The psychology of my procrastination

GingerTammyCat, via Flickr (CC license)
Alice cautiously replied: “I know I have to beat time when I learn music.”
“Ah! that accounts for it,” said the Hatter. “He won’t stand beating. Now, if you only kept on good terms with him, he’d do almost anything you liked with the clock.”

Like many self-employed folks, I’ve got waaaaaay too much on my plate — in terms of client projects, “business housekeeping,” my own interests, and (of course) life. Managing time becomes crucial, and I don’t always do a good job of it. Every day I find myself procrastinating on something that I really should just get done. Of course, the effects of this accumulate through time and occasionally I end up in crisis mode trying to slam through something.

Don’t get me wrong, I get done the vast majority of what I need to do, pretty much on time. But repeated time-crunch crises suck.

One of my current goals is learning to minimize day-to-day stress, and procrastination definitely stresses me out. So I’ve been paying more attention to how and why I procrastinate. That’s been interesting. Here are a few things I’ve noticed about my own habits…

  1. Shame. The top reason why I procrastinate is because I’m ashamed that I’ve already put off taking action one or more times. When I see an e-mail pop in, or a calendar reminded pop up, regarding something I’m already behind on by my own reckoning, I feel a flush of shame and want to just push it away. The bigger the accumulated shame, the harder it is to act.
  2. Rebellion. Even though I’m the one in charge of loading my own “plate,” I sometimes get annoyed that it’s routinely overloaded. I then rebel against that sense of being burdened by ignoring a task that needs doing, or a communication that needs to happen.
  3. Subconscious priority-setting. No matter what my conscious mind decides my work and life task priorities should be, my subconscious mind often has a very different opion on that subject. Sometimes I just don’t do things because I’ve lost motivation, I’m discouraged, or they just aren’t as important to me as they once were. Eventually my conscious mind is forced to recognize this and make choices — but that can get messy.

…Notice that these all have to do with emotions and the inner working of my mind. Notice I’m not trying to judge these as character flaws. They are simply processes and circumstances that exist.

I find that when I look at things for what they are, I can start to manage them or adapt to them. I never seem to get very far when I try to deal with my life, work, mind, and emotions as they “should be.”

I’m mentioning all this because I think these kinds of internal processes have a great effect on how people interact, cooperate, and conflict online and elsewhere. So don’t worry, I’m not getting all touchy-feely-woo-woo on you. I’m just starting to pursue a new line of inquiry. Bear with me.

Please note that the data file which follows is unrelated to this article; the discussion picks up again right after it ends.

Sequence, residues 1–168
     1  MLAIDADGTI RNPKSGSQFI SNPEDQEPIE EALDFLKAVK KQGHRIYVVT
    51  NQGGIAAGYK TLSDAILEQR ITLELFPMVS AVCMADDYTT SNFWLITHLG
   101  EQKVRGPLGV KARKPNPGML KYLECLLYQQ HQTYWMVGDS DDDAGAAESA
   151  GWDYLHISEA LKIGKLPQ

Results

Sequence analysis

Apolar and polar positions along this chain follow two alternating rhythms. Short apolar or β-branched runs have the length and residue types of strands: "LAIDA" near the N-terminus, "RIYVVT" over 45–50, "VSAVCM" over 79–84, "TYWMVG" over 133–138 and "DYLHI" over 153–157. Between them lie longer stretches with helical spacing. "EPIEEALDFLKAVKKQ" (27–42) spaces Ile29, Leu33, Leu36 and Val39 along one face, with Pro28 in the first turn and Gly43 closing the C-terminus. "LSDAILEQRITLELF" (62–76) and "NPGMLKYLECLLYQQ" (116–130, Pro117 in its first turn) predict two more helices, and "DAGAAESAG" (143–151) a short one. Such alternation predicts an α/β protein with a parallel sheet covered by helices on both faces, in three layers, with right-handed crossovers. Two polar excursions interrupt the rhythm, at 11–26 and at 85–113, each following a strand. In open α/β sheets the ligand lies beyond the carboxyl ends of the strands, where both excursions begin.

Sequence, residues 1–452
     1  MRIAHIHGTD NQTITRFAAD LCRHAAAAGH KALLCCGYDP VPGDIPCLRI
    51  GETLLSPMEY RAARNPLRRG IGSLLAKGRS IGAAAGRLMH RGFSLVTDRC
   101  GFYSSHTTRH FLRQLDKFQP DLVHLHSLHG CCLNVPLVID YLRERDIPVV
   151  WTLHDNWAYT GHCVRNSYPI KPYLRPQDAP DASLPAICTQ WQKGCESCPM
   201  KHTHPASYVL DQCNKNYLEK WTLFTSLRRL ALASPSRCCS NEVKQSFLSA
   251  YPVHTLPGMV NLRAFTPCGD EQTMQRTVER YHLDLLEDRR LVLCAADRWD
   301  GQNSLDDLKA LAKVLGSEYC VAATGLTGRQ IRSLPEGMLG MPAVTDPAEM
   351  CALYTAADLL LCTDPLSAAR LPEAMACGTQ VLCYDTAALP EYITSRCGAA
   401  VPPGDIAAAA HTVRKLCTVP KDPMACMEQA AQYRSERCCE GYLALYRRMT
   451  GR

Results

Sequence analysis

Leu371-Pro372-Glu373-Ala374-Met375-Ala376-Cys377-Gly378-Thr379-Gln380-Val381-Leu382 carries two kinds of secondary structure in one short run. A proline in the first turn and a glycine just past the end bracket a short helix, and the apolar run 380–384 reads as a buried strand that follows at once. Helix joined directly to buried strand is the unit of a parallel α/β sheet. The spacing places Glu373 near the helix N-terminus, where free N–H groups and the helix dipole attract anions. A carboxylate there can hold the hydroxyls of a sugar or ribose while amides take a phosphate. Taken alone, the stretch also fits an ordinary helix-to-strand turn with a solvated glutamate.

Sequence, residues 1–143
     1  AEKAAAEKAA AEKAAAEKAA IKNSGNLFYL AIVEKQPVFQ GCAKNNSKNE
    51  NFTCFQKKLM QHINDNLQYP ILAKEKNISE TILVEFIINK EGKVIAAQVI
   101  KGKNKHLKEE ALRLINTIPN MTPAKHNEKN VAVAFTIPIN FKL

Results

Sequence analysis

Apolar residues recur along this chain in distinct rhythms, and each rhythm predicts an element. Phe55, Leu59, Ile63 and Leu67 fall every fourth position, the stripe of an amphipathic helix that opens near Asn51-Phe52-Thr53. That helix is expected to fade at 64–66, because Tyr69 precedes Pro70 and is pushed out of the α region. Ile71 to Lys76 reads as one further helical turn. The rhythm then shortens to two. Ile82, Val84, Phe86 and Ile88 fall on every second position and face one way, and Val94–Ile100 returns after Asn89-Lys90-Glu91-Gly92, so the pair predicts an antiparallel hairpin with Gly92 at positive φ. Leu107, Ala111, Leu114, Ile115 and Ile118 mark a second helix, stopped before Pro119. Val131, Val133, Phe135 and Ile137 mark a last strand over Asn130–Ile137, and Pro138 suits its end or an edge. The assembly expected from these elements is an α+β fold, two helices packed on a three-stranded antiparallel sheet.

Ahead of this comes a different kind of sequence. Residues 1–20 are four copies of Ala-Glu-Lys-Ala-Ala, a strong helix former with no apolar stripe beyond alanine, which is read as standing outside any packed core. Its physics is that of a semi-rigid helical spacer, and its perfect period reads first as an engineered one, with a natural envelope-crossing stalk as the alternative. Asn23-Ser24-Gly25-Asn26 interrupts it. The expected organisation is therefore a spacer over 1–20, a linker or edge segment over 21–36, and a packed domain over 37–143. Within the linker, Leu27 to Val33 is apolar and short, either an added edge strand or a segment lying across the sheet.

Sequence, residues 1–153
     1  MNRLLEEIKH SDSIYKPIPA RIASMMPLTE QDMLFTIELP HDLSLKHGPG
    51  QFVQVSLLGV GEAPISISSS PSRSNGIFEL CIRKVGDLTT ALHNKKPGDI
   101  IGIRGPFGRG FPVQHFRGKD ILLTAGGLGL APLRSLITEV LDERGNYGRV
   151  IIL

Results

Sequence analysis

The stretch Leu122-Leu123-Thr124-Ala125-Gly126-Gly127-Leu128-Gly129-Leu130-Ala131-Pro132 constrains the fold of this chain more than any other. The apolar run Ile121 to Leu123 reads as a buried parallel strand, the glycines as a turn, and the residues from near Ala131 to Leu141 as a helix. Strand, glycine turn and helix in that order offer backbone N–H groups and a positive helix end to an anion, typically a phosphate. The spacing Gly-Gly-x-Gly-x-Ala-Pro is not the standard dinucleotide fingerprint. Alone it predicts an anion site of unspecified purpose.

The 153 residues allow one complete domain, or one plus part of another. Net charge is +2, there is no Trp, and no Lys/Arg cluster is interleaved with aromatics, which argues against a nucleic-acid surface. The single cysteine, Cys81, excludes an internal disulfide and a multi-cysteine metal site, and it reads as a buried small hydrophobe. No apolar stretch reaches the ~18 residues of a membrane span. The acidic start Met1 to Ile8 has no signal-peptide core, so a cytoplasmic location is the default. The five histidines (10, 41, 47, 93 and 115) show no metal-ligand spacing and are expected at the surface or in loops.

Does your procrastination have emotional triggers? If so, what are the emotions, and how are they triggered? Please comment below.

4 thoughts on The psychology of my procrastination

  1. When I was doing some self help research, I stumbled across a number of self help podcasts posted to iTunes. One of these was called iProcrastinate Podcasts and I really enjoyed listening to them because it’s a review of literature about procrastination and therefore quite interesting to try and separate the emotion from the action. Check out the podcasts (which I know you love) at http://iprocrastinate.libsyn.com/ and the webpage for the group that is creating the webcasts at… http://http-server.carleton.ca/~tpychyl/prg/self_help/podcasts.html and the

  2. I remember a poem once about shoulds and woulds…now I should dig it out and reflect upon it anew now that I have become a classic should/would person myself.

  3. Procrastination has been such a block to my success, that I decided to inaugurate October as Anti-Procrastination Month on my blog.

    My emotional trigger is fear: fear of failure, fear of success, fear of losing face, etc.

    I can definitely relate to your rebellion. I have a little anti-authoritarian inside me that loves to question authority — even my own!!

    Thanks for the post. I really enjoyed it.

  4. What I find is that procrastination is an indicator that we can’t achieve some of our goals alone or in isolation. We need help from other people who are in a position to help use achieve some of our goals. Other like minded people will be like buddy systems to help inspire us and to keep us accountable for our goals.

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